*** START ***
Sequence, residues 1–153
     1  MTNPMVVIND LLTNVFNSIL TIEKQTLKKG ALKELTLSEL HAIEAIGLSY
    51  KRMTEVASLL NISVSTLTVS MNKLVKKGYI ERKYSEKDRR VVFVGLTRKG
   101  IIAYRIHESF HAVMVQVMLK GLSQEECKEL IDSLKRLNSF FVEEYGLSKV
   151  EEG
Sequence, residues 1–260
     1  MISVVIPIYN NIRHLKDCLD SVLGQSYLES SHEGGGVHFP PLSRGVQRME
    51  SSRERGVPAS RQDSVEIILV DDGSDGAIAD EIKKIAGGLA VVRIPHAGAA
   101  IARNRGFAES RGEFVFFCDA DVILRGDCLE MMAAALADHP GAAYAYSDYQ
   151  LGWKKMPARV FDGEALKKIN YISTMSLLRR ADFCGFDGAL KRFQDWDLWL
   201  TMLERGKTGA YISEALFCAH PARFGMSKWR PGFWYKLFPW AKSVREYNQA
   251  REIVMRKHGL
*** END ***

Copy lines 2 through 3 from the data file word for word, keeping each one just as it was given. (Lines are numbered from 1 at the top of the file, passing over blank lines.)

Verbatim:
     1  MTNPMVVIND LLTNVFNSIL TIEKQTLKKG ALKELTLSEL HAIEAIGLSY
    51  KRMTEVASLL NISVSTLTVS MNKLVKKGYI ERKYSEKDRR VVFVGLTRKG